The Nobel Peace Prize Winner 2004 for contribution to sustainable development, democracy and peace
Wangari Muta Maathai was born in Nyeri, Kenya (Africa) in 1940. The first woman in East and Central Africa to earn a doctorate degree, Prof. Maathai obtained a degree in Biological Sciences from Mount St. Scholastica College in Atchison, Kansas (1964). She subsequently earned a Master of Science degree from the University of Pittsburgh (1966). She pursued doctoral studies in Germany and the University of Nairobi, obtaining a Ph.D. (1971) from the University of Nairobi where she also taught veterinary anatomy. She became chair of the Department of Veterinary Anatomy and an associate professor in 1976 and 1977 respectively. In both cases, she was the first woman to attain those positions in the region. Wangari Maathai was active in the National Council of Women of Kenya in 1976–87 and was its chairman in 1981–87. It was while she served in the National Council of Women that she introduced the idea of planting trees with the people in 1976 and continued to develop it into broad-based, grassroots organization whose main focus is the planting of trees with women groups in order to conserve the environment and improve their quality of life. However, through the Green Belt Movement she has assisted women in planting more than 20 million trees on their farms and on schools and church compounds.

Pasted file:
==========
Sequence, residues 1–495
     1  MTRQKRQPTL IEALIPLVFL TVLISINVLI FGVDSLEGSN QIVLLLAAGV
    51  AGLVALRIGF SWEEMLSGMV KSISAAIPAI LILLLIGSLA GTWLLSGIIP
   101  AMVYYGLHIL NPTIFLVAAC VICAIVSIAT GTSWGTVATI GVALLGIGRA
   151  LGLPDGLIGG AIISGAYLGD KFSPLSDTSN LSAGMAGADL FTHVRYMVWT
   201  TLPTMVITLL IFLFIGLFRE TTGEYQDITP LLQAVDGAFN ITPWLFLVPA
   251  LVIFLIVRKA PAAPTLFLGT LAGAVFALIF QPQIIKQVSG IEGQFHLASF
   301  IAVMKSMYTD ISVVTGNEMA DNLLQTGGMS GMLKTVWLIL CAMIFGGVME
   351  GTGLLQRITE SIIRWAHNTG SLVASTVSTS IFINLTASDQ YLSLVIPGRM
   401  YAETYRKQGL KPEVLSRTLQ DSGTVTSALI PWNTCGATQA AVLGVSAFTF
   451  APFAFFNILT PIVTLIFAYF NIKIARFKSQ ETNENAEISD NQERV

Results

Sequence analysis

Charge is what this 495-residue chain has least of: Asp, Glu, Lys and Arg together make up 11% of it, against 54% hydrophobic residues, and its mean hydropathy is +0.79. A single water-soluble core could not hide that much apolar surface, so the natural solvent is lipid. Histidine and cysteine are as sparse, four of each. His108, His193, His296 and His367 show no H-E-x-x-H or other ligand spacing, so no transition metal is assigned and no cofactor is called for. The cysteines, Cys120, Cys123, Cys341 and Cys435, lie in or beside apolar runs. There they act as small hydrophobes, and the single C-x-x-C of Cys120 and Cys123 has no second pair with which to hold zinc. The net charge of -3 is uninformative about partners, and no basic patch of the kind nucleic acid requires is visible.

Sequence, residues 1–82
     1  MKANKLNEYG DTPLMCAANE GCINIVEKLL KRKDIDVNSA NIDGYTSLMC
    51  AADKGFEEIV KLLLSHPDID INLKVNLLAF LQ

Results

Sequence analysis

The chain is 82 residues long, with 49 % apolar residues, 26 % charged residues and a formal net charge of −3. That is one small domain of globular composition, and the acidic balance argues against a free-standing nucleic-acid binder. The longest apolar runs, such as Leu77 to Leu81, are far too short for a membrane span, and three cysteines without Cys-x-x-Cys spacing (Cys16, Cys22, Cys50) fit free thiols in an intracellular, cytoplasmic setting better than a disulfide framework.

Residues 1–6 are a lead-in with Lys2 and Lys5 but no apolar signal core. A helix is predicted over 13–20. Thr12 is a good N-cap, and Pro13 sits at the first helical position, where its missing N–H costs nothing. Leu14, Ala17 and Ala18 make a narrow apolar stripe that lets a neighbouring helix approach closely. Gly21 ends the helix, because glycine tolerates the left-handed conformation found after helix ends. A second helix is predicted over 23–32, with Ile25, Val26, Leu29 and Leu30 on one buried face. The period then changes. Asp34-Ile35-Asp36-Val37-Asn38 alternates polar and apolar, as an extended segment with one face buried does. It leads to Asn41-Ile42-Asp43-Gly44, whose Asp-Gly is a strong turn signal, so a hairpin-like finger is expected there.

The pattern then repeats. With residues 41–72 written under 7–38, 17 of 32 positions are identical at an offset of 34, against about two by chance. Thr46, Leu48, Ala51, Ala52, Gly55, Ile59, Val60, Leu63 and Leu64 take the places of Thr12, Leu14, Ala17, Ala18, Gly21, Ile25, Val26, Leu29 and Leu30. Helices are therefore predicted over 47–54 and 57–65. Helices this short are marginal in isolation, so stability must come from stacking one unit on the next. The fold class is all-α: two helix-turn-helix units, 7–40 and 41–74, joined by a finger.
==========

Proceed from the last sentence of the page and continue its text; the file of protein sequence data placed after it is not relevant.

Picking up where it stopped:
In 1986 the Movement established a Pan African Green Belt Network and has exposed over 40 individuals from other African counties to the approach. Some of these individuals have established similar tree planting initiatives in their own countries or they use some of the Green Belt Movement methods to improve their efforts. So far some countries have successfully launched such initiatives in Africa (Tanzania, Uganda, Malawi, Lesotho, Ethiopia, Zimbabwe, etc). In September 1998 she launched a campaign of the Jubilee 2000 Coalition. She has embarked on new challenges, playing a leading global role as a co-chair of the Jubilee 2000 Africa Campaign, which seeks cancellation of the unpayable backlog debts of the poor countries in Africa by the year 2000. Her campaign against land grabbing and rapacious allocation of forests land has caught the limelight in the recent past.
Wangari Maathai is internationally recognized for her persistent struggle for democracy, human rights and environmental conservation. She has addressed the UN on several occasions and spoke on behalf of women at special sessions of the General Assembly for the five-year review of the earth summit. She served on the commission for Global Governance and Commission on the Future. She and the Green Belt Movement have received numerous awards, most notably The 2004 Nobel Peace Prize. For her consistent belief in the preservation of humanity, TransWorld Development Initiatives salutes her and her organization. (Read more on http://nobelprize.org/peace/laureates/2004/maathai-bio.html)
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